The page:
A 23-acre public botanical garden in Denver—which contains North America’s largest collection of plants from cold temperate climates around the world—has received a new science center inspired by biomimicry, technology, and the landscape. The project was a highly collaborative output from Burkett Design and StudioNYL.
The appropriately titled “Science Pyramid” began formally as an inversion of an adjacent depressed triangulated amphitheater. The triangulated structure was initially planned as a self-supporting structural shell of honeycomb-shaped glass units, inspired by beehive structures. With a desire to control lighting for multimedia displays, the design evolved to an opaque shell with fiber cement panels, building integrated photovoltaics (BIPV), and electrochromic glass panels.[interstitial]
Ben Niamthet, Associate Principal at Burkett Design, says the building was formally split into two halves, shearing down the middle of the pyramid to provide an opportunity for guests to locate themselves within the landscape of the gardens, and affording views to an adjacent historic fountain. The gap was clad with custom-made electrochromic panels that operate in coordination with rooftop light monitoring system to control daylight in the exhibition space below. Niamthet attributes this feature as one of the most successful aspects of the project. “It created a challenge, he said. “Not just an aesthetic challenge, but a structural engineering challenge.” Niamthet said this challenge was met by a highly collaborative design process with StudioNYL’s Skins Group—a team of facade designing structural engineers.
The facade construction doubles as both a wall and a roof, and is technically understood as an open joint roof-mounted rainscreen system. The unique assembly is one of the first of it’s kind in the world. A primary steel structure of 18″ diameter HSS tubes provide the basis for a layer of plywood sheathing that forms the building’s iconic tent-like structure. A secondary layer of structural thermal isolator standoffs set at 2-feet-on-center support for two layers of rigid insulation totaling 5-inches. This outboard insulation layer is protected by a gypsum cover board and a UV-resistant moisture barrier. A tertiary layer of cladding subframing systems provides standoffs for the final layer of hexagonal-shaped fiber cement panels. Will Babbington, principal at StudioNYL, calls the project one of the most iconic projects the facade engineering firm has completed: “The nice thing with all of these layers affords the tolerance that is required for what ended up being a very fast tracked project.”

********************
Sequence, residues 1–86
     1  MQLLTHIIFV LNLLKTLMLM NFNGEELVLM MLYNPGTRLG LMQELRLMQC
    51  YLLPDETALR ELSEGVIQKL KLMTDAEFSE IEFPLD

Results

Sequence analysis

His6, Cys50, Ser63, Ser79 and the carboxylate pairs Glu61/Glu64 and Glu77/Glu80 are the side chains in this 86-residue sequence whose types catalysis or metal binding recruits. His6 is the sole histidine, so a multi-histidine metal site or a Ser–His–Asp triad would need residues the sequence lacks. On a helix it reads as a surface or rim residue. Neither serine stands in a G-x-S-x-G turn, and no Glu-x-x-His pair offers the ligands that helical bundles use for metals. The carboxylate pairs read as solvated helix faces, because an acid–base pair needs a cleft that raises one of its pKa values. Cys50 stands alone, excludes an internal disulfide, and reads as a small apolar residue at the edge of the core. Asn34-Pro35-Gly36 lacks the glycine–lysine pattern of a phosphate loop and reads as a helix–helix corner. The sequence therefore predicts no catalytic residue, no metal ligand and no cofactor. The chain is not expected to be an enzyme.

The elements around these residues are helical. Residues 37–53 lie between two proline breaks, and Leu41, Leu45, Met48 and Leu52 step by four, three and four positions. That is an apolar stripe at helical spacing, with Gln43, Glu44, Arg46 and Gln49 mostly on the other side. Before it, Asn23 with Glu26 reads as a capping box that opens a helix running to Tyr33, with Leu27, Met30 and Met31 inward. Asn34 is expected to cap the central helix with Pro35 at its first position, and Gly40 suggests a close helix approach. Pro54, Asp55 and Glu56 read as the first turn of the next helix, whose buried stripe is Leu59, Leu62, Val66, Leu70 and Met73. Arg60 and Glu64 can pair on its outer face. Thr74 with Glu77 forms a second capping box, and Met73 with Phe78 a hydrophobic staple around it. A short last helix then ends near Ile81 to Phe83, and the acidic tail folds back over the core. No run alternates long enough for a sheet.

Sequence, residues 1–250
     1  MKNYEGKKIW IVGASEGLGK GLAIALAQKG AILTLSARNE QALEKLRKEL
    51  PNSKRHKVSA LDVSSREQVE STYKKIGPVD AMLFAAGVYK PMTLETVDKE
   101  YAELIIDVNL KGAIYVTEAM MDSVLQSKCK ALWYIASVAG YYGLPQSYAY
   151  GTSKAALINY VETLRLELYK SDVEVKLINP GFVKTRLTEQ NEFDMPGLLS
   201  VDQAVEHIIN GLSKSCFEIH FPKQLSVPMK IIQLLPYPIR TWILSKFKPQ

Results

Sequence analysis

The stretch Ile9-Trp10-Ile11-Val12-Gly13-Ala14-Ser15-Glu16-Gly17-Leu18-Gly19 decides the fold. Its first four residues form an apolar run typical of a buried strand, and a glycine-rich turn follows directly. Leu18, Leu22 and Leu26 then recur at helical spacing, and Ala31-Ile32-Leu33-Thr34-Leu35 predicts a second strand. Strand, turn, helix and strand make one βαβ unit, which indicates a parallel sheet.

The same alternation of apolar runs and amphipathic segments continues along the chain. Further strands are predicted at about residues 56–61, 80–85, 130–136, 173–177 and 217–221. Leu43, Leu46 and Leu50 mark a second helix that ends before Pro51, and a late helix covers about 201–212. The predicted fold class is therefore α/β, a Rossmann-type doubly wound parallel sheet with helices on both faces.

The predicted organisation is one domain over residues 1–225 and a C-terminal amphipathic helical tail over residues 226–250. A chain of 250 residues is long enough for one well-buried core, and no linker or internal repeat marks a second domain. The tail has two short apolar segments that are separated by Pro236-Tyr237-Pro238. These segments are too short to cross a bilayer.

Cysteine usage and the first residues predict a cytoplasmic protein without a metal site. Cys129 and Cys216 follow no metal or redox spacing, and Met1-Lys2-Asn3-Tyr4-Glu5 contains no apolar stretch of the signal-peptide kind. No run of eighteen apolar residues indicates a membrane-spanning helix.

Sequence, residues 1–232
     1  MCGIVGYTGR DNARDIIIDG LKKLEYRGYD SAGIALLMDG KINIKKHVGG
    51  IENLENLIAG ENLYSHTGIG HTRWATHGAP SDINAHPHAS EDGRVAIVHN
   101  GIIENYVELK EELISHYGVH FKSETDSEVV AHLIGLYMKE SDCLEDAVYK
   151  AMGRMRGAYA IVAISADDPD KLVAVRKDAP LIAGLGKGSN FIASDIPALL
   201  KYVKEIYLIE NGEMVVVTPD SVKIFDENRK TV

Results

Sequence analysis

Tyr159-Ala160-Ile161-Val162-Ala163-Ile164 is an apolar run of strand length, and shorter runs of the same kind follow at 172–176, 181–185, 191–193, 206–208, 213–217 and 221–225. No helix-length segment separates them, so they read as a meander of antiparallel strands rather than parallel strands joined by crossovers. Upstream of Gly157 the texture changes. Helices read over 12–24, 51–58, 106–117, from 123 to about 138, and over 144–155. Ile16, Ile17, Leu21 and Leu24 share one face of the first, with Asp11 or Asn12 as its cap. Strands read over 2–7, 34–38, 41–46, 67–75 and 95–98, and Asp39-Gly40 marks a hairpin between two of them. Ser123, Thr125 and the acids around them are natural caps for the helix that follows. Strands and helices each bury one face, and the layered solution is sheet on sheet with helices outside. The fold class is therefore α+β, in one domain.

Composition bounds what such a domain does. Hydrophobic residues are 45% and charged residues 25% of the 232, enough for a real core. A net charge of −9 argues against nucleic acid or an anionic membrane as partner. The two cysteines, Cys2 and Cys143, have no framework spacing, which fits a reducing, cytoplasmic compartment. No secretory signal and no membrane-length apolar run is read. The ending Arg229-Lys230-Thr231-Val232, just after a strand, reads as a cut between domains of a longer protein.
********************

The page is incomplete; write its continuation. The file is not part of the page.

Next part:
To manage increased UV exposure from a slanted rooftop orientation, Cosella-Dörken’s DELTA®-FASSADE S product was specified because of its properties as a highly stabilized material against damage from UV exposure. The product is designed for use in cladding systems that have open joints of up to 2-inches wide which expose up to 40-percent of the entire facade surface.
Marrying the hexagonal grid with the buildings pyramidal form produced inherent alignment challenges for the design team. Babbington recounts, “we rotated that pattern well into the double digits… maybe even triple digits… [at] times trying to find a way to minimize tiny slivers of fiber cement board which were too small for standard fastening methods.”
StudioNYL says the greatest challenge associated from detailing a rainscreen on a sloped surface is the reduction of a natural “stack effect” ventilation—a performance requirement of typical open joint rainscreens. Babbington said the problem required research into fluid dynamics which accounted for specific environmental factors of the system. A digital model was able to conclude that the gap between the fiber cement panels and the exterior wall construction heats up enough to provide an efficient upward airflow. This—despite the slope of the pyramid’s walls—promoted a passive method for circulating air in the manner rainscreens are designed to perform. The fluid dynamics model specifically accounted for solar orientation of the facade surfaces, local climate data, and the dark coloration of the Swisspearl panels.
The project team is awaiting data from this high-performance building to evaluate the efficiency of the Science Pyramid’s construction assemblies and systems, which have now been in operation for almost two years.